> I have a question that I have kind of implied in several forums and nobody
> has called me on it. I ask it here explicity: If you have evidence that
> certain organisms are descended from certain other organisms--related
> through an evolutionary pathwa--does this then mean for the theist that
> you have figured out how God created all life? Just because you can show
> the former, it seems presumptuous to declare the latter. Humility seems
> to dictate that you say that in such and such cases it seems very likely
> that evolution happened for such and such reasons. Outside of these
> cases, it should be admitted that we aren't sure what happened. Anybody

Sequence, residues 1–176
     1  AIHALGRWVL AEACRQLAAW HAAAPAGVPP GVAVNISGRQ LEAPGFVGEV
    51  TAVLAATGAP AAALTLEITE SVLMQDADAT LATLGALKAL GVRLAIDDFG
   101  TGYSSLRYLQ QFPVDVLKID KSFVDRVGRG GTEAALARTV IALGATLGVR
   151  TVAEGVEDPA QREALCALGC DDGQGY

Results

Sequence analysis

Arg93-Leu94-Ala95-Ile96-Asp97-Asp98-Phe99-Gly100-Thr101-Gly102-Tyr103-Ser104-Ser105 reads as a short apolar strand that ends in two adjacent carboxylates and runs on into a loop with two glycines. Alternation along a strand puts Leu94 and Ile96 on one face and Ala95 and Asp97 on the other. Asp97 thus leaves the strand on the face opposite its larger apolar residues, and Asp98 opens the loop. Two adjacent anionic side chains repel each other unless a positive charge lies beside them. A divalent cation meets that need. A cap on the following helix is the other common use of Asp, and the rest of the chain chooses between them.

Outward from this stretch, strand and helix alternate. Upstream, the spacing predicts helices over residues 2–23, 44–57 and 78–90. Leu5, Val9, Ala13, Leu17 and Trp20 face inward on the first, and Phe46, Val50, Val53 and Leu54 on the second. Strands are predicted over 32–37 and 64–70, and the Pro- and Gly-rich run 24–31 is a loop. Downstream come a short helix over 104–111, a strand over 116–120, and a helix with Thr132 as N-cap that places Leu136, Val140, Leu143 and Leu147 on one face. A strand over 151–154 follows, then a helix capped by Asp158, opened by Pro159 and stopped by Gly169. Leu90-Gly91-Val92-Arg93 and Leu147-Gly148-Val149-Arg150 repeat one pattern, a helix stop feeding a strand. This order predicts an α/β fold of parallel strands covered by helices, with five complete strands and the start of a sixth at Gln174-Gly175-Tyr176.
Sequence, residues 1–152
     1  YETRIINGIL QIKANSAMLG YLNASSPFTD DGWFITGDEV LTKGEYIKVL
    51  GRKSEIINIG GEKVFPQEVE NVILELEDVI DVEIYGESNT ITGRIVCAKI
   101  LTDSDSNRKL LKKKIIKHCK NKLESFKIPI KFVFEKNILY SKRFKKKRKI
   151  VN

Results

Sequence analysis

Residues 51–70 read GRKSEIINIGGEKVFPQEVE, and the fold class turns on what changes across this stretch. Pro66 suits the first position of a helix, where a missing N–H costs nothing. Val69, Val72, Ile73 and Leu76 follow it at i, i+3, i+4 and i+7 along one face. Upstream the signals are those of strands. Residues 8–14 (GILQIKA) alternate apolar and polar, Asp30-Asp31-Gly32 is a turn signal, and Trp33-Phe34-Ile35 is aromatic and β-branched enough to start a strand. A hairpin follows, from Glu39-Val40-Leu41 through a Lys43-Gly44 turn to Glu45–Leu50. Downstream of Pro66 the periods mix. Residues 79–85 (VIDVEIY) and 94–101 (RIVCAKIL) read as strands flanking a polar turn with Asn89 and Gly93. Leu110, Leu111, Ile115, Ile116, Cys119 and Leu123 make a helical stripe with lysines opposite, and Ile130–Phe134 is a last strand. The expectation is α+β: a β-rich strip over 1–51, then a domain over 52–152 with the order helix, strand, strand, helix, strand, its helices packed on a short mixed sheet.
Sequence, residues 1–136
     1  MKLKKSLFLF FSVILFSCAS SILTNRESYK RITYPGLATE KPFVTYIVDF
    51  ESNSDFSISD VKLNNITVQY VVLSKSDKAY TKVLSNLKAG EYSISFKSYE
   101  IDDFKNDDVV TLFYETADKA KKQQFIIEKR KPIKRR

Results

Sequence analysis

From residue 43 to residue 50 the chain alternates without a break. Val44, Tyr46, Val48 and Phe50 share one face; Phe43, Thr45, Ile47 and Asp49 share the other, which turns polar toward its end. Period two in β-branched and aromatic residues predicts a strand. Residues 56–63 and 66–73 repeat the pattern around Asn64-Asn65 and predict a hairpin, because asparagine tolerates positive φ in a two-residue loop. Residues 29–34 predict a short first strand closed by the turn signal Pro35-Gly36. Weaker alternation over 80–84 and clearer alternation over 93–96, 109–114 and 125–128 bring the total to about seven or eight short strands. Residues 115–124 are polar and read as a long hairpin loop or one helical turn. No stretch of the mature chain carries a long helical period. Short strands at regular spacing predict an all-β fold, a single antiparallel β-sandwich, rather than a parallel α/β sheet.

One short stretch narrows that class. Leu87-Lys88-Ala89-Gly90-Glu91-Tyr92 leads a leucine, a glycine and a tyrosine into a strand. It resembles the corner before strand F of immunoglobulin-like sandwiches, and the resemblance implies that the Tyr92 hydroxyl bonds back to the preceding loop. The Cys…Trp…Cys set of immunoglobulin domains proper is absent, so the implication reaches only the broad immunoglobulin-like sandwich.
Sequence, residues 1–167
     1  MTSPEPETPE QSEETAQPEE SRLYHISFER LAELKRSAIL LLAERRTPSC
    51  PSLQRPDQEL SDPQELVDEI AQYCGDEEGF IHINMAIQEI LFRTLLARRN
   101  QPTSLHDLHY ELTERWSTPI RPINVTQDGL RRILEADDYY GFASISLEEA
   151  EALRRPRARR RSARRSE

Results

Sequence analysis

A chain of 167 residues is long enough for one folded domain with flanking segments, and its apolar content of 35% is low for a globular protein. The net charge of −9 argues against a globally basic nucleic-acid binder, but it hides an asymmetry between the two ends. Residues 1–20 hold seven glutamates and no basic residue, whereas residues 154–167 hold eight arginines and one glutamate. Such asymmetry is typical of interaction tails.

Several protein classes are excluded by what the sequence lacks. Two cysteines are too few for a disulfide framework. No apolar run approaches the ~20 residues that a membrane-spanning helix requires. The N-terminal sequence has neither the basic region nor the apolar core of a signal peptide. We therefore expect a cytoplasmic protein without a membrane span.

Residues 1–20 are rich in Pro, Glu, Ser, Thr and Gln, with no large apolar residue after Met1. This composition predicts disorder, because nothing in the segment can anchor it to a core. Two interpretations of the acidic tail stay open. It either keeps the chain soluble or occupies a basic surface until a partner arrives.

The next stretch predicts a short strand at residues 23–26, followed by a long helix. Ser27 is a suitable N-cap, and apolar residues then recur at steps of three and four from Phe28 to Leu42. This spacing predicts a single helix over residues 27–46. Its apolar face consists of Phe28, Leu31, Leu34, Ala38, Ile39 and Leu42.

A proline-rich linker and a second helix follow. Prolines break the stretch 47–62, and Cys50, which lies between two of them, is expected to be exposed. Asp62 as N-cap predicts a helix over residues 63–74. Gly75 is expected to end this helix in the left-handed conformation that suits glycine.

> have a problem with that?
As scientists we do have to say that. Belief that the universe
is rational, whether on Christian grounds or otherwise, will lead one to
trust that a scientific explanation can be found, even if we don't know
it yet (&, we have to admit, may never know it).
There is a story about Einstein being asked what he would have
done if the 1919 eclipse observations had agreed with Newton's theory
rather than his own. Einstein is supposed to have replied, "Then I
would have been sorry for the dear Lord."
> There is a systematizing impulse that humans have that leads one to want
> to make conclusive statements about things that one doesn't have anywhere
> near conclusive evidence on. I see this in both science and theology.
True. In the latter it's easy to say "Thus saith the Lord" when
we should say, "Here's my theological opinion." We only know God to the
extent that God reveals himself. It was, after all, an Arian who said,
"I know God as well as he knows himself."